Brain-Computer Interface (BCI) is a communication system, which enables the user to control special computer applications by using only his or her thoughts. A BCI allows a person to communicate with or control the external world without using the brain as normal output pathways of peripheral nerves and muscles. Messages and commands are expressed not by muscle contractions, but rather by electrophysiological signals from the brain.

This page is about our participation in the BCI Competition 2003. The goal of the BCI Competition 2003 competition was to validate signal processing and classification methods for Brain Computer Interfaces (BCIs). This competition had 6 different categories, which for each category some EEG data set was presented via Internet. For each data set specific goals was given in the respective description. Technically speaking, each data set consists of single trials of spontaneous EEG activity, one part labeled (training data) and another part unlabeled (test data), and a performance measure. The goal is to infer labels for the test set from training data that maximize the performance measure for the true (but to the participant unknown) test labels.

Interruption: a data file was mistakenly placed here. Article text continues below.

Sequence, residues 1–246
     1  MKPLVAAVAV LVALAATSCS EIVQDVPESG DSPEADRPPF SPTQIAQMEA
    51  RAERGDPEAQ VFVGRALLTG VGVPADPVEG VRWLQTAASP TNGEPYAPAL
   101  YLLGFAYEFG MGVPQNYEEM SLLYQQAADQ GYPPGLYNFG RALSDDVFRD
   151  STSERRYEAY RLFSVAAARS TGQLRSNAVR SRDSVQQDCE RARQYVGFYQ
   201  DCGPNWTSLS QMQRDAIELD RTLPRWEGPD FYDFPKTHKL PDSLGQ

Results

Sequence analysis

Our BCI team entered in 4 categories, and took 3rd place in category III, 6th in category Ib, 11th in category Ia, and finally 15th in category IV. Below you can find very short reports about methods used by our BCI team. You can access competition results here.